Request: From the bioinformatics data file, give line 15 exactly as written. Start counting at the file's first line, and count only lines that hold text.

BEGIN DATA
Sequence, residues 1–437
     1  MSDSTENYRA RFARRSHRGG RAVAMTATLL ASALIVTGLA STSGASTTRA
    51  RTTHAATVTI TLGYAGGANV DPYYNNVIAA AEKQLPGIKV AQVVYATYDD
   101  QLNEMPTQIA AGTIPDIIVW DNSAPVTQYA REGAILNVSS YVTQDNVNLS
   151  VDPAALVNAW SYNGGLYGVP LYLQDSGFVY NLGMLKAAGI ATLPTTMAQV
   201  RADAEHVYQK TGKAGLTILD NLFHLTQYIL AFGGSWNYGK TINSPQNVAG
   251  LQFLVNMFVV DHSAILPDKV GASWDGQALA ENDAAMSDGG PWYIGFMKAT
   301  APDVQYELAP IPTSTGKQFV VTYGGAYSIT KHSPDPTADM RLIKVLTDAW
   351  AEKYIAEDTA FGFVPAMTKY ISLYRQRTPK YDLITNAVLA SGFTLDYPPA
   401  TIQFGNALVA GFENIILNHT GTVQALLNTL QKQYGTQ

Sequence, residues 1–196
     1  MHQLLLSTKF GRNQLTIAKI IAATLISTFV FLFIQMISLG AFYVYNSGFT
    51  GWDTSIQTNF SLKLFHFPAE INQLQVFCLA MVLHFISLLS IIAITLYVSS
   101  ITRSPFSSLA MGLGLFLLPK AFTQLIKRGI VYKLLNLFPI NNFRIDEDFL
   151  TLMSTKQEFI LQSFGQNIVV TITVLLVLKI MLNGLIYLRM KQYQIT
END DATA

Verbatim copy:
   151  TLMSTKQEFI LQSFGQNIVV TITVLLVLKI MLNGLIYLRM KQYQIT